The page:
No address? Domino’s can still bring you pizza
Chain sets up 150,000 ‘hotspots’ for delivery
Craving pizza and have no address? No problem.
In a twist to the emerging “delivery economy,” Domino’s Pizza will accept orders to 150,000 designated places across the U.S. on Monday that don’t have traditional street addresses, whether they are parks, beaches or landmarks, such as statues or St. Louis’ Gateway Arch.
The Ann Arbor, Mich.-based chain has created a network it calls “hotspots,” which enables hungry customers to get their prepaid online orders anywhere from the Las Vegas Strip’s iconic welcome sign to the statue of “godfather of soul” James Brown in Augusta, Ga., by using their smartphones to select a predetermined delivery spot closest to their beach chair.
The development represents a leap in an industry that pioneered home delivery long before Amazon, Walmart, Target and restaurant chains decided their futures depended on it. Now, as retailers and restaurant competitors try to figure out how to profit from delivering goods straight to peoples’ doors, a pizza company is taking it to the next level.
“This is a really big delivery innovation,” said Dennis Maloney, Domino’s chief digital officer. “It’s not necessarily a brand-new technology. It’s the application of technology in a new way.”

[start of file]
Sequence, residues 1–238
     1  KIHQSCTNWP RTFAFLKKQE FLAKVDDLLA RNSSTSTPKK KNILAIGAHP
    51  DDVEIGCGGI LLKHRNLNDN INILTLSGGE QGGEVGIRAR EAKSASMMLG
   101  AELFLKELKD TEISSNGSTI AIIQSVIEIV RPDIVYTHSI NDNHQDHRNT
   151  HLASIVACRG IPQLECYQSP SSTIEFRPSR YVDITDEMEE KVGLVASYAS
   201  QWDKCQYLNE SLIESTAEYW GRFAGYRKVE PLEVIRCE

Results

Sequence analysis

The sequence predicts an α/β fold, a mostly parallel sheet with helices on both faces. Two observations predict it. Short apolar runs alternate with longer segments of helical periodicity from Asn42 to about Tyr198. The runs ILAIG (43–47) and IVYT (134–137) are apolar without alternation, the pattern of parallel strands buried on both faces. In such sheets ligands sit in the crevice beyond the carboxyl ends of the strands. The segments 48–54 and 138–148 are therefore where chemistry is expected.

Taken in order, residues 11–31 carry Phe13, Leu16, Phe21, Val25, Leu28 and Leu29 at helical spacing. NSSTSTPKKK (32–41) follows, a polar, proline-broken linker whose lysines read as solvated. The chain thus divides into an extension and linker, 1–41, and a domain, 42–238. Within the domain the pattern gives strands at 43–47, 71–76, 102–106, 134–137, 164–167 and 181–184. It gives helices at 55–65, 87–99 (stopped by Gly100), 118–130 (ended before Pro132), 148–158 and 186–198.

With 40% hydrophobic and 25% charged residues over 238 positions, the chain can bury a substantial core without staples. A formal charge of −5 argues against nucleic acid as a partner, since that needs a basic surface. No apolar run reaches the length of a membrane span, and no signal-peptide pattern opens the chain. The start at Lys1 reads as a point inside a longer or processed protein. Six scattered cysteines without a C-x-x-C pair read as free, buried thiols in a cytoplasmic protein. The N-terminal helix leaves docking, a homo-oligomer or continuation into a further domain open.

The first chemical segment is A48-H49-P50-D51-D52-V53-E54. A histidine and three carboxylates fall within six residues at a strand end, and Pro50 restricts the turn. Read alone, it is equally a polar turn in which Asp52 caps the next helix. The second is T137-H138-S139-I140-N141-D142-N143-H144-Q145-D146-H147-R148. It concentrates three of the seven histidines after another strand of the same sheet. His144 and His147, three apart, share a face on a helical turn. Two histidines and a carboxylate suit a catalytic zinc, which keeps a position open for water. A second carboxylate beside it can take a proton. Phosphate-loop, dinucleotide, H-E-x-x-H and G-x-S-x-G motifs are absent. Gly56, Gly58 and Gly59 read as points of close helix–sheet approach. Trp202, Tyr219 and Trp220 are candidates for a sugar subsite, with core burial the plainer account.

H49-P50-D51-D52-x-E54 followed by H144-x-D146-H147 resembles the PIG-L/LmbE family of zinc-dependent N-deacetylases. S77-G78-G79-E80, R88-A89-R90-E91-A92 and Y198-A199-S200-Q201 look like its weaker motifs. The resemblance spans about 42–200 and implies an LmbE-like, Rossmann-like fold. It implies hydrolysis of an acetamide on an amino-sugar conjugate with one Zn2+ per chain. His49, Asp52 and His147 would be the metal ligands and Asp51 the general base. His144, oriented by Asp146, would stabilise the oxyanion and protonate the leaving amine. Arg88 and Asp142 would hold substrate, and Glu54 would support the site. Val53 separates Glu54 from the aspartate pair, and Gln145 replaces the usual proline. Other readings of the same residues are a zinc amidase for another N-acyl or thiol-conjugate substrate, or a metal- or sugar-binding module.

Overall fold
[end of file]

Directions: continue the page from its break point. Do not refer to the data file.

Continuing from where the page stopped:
Making address-less delivery a reality was the confluence of two trends, he explained. A growing number of people are ordering all types of food online — at Domino’s, for example, it’s now up to 60% — and smartphones have become universal. The plan takes advantage of smartphones’ navigation and mapping abilities.
When the food is en route, customers get a text message telling them to head to the drop-off spot and keep watch for the traditional marked Domino’s delivery car. When customers initially place their digital orders, they have the option of adding self-descriptors, like what they’re wearing, so drivers can identify them easily.
“Every person at the company has at some point wanted to get pizza delivered to somewhere where they couldn’t,” Maloney said.
Other Domino’s hotspots include points within the National Mall in Washington, D.C., home to the Smithsonian Institution museums and Washington Monument; and the Atlantic City boardwalk. Every state has at least one.
There are some places that aren’t included. Maloney, for instance, said he didn’t think any homeless encampments are on the list.
Domino’s began testing hotspots in the Miami area in the fall, according to Maloney. Along the region’s namesake beach, for example, there was one about every quarter-mile.
Experts say the move represents an innovation.
“It’s the holy grail of everything they’d like to do in the context of delivery,” said Tim Bajarin, president of the San Jose tech consulting and research firm Creative Strategies. “You, as a customer, are no longer glued to an office or a home.”
But, he said, “hotspots” could pose problems, such as parking at busy intersections or congested stadiums.
Domino’s has created a network of delivery hotspots.